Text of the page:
Expectations run high as Westlake University, China's first private university aimed at cultivating high-level talent in advanced technology and reaching the forefront of scientific research, is expected to open next year.
A brainchild of a group of top Chinese academics, the university, whose campus is still under construction near scenic West Lake in Hangzhou, the capital of Zhejiang province, will be the country's first private doctorate-granting university. One of its aims is to rival international counterparts such as Rockefeller University and the California Institute of Technology.
Recruitment of faculty members and doctoral students has been underway since the establishment of the Westlake Institute for Advanced Study in December 2016.
As the country's first private, small-scale yet comprehensive institute for advanced study, WIAS forms the foundation of Westlake University.
Shi Yigong, a Princeton University-trained molecular biologist and currently a Tsinghua University vice-president, is a co-founder of WIAS and heads the institute.
At WIAS' inauguration ceremony in December last year, Shi said he envisioned the future Westlake University as "a top-level, research-oriented global university" that "strives to represent the scientific strength of China, to influence the nation's future, and to promote inclusive development and progress".
In a recent speech at the annual Zhejiang Entrepreneurs Convention, Shi confirmed that the university's opening is set for next year.
He was also quoted by Zhejiang Online as saying that the university is expected to surpass Rockefeller University by the end of 2019 in terms of the size and strength of faculty.
The establishment of Westlake University was initiated by a team of seven top Chinese academics, including Shi, in March 2015, when they proposed to the central government the establishment of a new and advanced research-oriented university.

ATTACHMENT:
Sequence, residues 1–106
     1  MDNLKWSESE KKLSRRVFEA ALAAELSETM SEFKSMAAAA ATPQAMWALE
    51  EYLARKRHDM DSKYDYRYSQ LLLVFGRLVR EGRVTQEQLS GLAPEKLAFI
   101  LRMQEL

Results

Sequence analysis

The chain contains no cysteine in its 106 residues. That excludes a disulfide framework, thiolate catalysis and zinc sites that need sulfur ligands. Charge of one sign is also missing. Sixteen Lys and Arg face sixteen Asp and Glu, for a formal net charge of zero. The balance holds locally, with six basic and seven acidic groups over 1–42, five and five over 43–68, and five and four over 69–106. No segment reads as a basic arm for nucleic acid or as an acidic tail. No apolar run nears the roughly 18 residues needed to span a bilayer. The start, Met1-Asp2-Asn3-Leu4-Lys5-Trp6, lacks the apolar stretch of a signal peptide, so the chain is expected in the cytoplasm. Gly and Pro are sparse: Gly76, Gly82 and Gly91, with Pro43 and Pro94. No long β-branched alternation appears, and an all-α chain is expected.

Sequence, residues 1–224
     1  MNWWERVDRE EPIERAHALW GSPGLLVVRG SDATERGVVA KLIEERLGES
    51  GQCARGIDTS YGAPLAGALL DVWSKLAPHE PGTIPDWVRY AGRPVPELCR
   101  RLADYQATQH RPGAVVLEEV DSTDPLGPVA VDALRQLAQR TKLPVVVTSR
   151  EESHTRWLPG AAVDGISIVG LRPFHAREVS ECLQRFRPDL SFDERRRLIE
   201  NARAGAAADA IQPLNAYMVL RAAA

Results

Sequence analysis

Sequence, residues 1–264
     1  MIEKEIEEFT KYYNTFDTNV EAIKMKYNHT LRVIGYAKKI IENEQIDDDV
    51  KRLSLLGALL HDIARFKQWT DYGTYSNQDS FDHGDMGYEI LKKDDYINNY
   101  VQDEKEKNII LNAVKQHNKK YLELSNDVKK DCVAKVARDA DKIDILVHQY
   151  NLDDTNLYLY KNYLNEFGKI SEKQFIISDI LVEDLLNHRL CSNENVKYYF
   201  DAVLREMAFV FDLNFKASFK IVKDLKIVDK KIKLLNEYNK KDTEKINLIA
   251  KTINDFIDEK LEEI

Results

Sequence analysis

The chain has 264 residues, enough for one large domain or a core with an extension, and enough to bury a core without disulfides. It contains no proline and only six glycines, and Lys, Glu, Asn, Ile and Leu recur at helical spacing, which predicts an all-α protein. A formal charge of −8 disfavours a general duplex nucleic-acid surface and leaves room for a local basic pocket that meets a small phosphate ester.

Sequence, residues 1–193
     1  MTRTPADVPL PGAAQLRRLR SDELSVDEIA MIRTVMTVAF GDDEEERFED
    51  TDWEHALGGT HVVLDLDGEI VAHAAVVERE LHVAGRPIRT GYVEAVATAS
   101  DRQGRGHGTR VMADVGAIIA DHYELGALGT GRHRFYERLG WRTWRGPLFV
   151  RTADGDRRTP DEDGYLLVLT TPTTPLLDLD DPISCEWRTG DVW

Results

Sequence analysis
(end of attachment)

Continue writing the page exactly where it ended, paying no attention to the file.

In 2016, a foundation was established, and land and other resources were allocated for establishment of WIAS and the construction of the Westlake campus.
Shi considered the establishment of WIAS and the future Westlake University as "entrusted with expectations from all communities of society and the dream of a generation".
He said China has been catching up in higher education and scientific research but still lags in basic research, which he says is the real source of innovation and is greatly needed as China aims to revive its past glory.
Shi, along with many academics who have been calling for the establishment of high-profile research universities in China, believes the addition of private top-level research institutions will add more vitality to the academic scene.
Westlake's financial support will come from the Hangzhou Westlake Education Foundation as well as government research and development funding. The university plans to recruit about 200 professors from around the world and nearly 2,000 researchers.
"We hope that after 10 or 20 years, Westlake University in Hangzhou, China, will be seen as a private institution of higher education built with Chinese characteristics and well respected by the world," said Shi.